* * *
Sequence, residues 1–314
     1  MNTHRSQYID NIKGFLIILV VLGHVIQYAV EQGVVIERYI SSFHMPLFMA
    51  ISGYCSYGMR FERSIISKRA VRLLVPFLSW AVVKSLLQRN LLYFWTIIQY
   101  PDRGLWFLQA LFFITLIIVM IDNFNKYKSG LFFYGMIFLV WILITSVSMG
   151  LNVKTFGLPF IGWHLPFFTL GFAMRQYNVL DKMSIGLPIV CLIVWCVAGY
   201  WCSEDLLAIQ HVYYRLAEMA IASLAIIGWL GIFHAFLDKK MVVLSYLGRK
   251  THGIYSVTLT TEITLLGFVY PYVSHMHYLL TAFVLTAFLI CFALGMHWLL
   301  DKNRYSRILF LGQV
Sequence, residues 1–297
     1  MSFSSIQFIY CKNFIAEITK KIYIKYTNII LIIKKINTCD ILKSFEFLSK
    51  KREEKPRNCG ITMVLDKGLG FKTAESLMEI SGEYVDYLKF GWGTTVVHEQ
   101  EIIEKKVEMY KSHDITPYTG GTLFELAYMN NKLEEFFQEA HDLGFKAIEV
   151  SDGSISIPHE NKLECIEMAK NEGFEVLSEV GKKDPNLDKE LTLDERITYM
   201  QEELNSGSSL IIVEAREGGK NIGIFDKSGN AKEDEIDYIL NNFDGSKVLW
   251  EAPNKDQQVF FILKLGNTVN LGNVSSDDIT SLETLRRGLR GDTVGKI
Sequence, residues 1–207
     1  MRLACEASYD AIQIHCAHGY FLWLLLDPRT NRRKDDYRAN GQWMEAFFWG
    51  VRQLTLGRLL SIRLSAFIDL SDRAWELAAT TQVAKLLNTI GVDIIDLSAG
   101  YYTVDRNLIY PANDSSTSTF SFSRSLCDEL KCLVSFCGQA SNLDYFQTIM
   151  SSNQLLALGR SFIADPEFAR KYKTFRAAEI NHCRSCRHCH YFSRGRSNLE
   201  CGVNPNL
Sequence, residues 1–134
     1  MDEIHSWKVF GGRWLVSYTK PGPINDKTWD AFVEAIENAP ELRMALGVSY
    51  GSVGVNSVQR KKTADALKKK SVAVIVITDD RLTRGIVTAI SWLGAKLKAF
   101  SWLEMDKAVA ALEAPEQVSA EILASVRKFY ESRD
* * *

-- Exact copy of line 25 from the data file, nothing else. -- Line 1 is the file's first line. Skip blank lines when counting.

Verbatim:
   101  SWLEMDKAVA ALEAPEQVSA EILASVRKFY ESRD